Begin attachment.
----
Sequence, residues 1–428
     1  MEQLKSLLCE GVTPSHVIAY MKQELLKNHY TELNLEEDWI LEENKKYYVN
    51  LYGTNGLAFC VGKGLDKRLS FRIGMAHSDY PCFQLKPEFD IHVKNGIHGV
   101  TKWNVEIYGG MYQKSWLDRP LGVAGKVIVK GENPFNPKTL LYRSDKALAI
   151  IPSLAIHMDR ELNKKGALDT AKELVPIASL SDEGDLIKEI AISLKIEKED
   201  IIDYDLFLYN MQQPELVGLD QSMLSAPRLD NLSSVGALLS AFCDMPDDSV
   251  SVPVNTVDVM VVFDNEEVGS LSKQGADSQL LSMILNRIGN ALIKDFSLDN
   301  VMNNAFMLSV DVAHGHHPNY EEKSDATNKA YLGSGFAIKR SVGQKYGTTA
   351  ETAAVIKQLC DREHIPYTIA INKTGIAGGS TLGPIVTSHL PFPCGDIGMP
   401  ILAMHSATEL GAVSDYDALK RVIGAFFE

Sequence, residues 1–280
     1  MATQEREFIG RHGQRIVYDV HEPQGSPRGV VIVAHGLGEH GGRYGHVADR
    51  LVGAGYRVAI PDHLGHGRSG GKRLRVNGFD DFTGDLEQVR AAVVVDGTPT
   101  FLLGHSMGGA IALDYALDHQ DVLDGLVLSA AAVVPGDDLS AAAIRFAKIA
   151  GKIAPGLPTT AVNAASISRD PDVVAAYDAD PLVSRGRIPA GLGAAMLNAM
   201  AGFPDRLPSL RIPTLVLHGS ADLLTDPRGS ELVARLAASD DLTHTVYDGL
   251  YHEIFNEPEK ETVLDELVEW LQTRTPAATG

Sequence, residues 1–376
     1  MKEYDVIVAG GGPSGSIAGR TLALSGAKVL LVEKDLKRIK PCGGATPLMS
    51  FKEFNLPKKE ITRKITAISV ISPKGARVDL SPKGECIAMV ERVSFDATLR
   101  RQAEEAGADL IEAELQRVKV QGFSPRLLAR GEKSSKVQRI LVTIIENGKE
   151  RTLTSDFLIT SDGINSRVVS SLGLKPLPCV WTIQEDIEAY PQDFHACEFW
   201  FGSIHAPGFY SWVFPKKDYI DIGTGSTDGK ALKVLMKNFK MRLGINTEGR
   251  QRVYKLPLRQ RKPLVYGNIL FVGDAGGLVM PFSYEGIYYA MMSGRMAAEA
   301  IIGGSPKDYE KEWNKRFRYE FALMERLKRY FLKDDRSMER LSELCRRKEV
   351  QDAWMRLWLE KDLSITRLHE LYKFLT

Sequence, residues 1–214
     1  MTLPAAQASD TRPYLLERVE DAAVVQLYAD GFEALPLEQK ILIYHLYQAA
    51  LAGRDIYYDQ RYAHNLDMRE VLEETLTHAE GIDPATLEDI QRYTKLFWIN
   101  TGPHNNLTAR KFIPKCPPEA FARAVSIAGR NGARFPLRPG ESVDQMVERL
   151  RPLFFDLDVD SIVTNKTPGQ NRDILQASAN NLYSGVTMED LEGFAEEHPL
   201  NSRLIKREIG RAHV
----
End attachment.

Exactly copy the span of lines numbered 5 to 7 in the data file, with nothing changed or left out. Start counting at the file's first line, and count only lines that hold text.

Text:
   151  IPSLAIHMDR ELNKKGALDT AKELVPIASL SDEGDLIKEI AISLKIEKED
   201  IIDYDLFLYN MQQPELVGLD QSMLSAPRLD NLSSVGALLS AFCDMPDDSV
   251  SVPVNTVDVM VVFDNEEVGS LSKQGADSQL LSMILNRIGN ALIKDFSLDN